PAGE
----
Honors go to those who risk lives in public safety jobs



Several of the awards given out Friday at the 2006 Public Health & Safety Day "Recognition of Excellence" Awards were tied to the case of slain Roxbury Correctional Institution Officer Jeffery Alan Wroten.

Police officers, dispatchers and another correctional officer who played a part in the case were among the honorees at Hagerstown Community College's Kepler Theater.

HCC's Administration of Justice Program sponsors the annual awards.

This time, about 50 local police department and correctional and detention center employees were chosen, plus a few civilians.

In his keynote address, Col. Thomas E. Hutchins, Maryland's state police superintendent, said this is law enforcement's most challenging era ever, particularly with terrorism having reached American soil.


He praised honorees' families, too.

"They live with the changing shifts, the changing moods and the slow-to-change paychecks," Hutchins said.

Roxbury Correctional Institution Warden Roderick R. Sowers said Wroten, like many in the audience, chose public safety.

"That's what he wanted to do - protect the public," Sowers said, concluding, "Thank you, Jeff." The audience stood and applauded.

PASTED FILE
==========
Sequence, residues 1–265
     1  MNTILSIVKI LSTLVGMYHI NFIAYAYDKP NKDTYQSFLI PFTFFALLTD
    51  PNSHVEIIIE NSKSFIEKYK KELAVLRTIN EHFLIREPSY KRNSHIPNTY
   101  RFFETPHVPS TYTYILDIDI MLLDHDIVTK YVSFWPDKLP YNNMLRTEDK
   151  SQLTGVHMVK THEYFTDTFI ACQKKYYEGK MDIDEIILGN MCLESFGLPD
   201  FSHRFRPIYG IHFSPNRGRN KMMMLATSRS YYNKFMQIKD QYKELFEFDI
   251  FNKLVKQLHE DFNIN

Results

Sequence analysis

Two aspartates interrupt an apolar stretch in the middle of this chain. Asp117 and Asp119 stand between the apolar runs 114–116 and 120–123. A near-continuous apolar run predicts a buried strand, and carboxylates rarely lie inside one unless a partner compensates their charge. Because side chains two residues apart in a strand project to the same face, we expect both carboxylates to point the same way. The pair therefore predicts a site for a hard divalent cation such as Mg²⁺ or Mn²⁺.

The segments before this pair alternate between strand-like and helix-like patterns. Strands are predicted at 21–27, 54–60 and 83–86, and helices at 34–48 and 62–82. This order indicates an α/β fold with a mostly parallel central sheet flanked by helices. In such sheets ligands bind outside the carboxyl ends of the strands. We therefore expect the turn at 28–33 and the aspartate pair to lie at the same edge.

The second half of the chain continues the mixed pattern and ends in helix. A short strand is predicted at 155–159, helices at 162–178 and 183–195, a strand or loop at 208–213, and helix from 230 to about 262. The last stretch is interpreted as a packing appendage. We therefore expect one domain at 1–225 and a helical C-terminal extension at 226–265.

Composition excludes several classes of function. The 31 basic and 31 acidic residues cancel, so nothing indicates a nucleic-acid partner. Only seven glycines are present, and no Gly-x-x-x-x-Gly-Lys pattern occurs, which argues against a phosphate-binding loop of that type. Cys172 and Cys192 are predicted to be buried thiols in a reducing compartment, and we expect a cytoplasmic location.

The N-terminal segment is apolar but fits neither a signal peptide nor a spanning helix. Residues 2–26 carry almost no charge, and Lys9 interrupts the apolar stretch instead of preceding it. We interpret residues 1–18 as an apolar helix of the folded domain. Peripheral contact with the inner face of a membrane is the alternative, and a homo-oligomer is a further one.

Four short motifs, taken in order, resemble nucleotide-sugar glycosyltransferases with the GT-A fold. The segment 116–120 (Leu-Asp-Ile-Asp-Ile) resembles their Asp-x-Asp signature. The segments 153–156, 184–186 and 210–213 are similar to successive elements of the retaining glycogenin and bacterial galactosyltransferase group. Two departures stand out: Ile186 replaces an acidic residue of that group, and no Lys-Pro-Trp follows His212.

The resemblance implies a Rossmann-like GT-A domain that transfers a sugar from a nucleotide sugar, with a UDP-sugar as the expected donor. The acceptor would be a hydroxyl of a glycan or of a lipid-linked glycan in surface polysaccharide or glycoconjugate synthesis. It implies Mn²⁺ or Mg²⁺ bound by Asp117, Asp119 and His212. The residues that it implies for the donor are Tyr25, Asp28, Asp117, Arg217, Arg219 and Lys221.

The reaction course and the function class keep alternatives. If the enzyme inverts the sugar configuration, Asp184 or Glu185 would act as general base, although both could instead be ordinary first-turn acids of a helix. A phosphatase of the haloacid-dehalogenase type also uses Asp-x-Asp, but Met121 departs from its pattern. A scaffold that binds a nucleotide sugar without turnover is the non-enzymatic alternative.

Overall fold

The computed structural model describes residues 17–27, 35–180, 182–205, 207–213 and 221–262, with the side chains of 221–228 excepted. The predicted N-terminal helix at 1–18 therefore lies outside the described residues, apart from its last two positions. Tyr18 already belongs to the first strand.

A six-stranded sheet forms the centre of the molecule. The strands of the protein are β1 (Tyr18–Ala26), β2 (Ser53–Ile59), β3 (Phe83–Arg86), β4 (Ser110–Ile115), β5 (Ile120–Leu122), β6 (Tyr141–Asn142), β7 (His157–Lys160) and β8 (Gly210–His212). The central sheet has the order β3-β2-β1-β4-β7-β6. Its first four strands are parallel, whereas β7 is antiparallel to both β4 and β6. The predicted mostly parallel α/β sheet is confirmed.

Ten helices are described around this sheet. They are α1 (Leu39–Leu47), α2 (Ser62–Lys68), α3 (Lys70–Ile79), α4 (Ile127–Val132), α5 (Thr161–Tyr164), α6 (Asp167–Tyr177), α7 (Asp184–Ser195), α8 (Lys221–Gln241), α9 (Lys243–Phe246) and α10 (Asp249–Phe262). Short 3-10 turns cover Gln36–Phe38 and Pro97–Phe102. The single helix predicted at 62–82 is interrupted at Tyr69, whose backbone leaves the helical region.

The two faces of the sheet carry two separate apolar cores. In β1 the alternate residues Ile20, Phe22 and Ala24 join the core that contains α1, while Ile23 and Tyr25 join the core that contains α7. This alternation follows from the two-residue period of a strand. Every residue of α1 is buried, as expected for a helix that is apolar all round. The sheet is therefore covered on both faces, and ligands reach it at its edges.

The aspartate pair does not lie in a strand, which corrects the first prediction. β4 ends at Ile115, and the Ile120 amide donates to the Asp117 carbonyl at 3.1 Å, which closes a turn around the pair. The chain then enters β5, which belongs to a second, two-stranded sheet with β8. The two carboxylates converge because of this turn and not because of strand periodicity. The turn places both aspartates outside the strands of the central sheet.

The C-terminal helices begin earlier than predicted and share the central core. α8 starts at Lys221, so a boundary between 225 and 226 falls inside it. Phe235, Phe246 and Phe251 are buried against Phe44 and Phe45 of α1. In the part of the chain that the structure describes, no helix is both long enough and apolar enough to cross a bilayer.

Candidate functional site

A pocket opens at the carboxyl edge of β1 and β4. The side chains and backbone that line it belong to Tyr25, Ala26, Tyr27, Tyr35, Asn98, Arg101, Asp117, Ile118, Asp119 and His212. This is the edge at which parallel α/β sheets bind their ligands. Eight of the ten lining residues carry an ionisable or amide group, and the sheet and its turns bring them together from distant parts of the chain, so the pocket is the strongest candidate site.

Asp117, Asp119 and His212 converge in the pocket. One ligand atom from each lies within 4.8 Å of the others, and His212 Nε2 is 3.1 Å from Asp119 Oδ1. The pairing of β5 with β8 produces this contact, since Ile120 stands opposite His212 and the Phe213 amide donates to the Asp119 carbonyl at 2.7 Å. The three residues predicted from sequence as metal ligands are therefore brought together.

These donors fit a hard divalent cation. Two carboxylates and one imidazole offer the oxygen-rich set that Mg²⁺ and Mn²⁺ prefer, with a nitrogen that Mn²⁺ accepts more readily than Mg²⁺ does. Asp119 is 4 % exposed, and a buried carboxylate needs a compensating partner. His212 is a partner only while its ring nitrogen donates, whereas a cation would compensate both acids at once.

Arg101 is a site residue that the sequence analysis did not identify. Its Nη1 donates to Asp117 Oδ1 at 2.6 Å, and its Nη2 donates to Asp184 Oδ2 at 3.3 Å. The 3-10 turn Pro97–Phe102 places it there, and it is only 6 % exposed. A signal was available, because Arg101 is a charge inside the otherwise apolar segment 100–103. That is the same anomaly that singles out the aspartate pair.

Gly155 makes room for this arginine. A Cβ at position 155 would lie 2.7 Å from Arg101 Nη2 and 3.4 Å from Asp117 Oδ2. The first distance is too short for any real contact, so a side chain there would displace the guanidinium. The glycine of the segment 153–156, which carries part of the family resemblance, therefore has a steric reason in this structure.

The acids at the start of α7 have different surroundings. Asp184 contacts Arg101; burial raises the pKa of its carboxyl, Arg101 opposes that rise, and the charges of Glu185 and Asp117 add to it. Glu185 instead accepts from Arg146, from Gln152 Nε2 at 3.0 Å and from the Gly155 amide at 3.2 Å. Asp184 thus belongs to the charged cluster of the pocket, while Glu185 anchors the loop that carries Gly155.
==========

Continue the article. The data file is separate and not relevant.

Wroten was guarding RCI inmate Brandon Travon Morris at Washington County Hospital on Jan. 26 when Morris allegedly took Wroten's gun and shot him in the head. Wroten died the next day.

Hagerstown Police Chief Arthur Smith recognized 11 officers and two dispatchers who helped that "very hectic, very confused" day.

Washington County Sheriff's Department Col. Douglas Mullendore said his deputies' radios worked poorly that cold, dark morning, keeping them from talking to each other.

He compared the chase for Wroten's armed suspected killer to "being in the woods and looking for a grizzly bear - only the grizzly bear had a gun."

Gary M. Lloyd of Maryland Correctional Institution-Hagerstown was honored for helping after the shooting. Like Wroten, Lloyd, a correctional officer, was guarding an inmate at the hospital, three rooms away. Warden Nancy L. Rouse described his effort as "courageous."

One civilian honored was Ralph Wayne Hamby, who rushed to aid his neighbor, Cathy Myers, when she was shot at her Kemps Mill Road home in 2004. Myers accompanied Hamby on the HCC stage.

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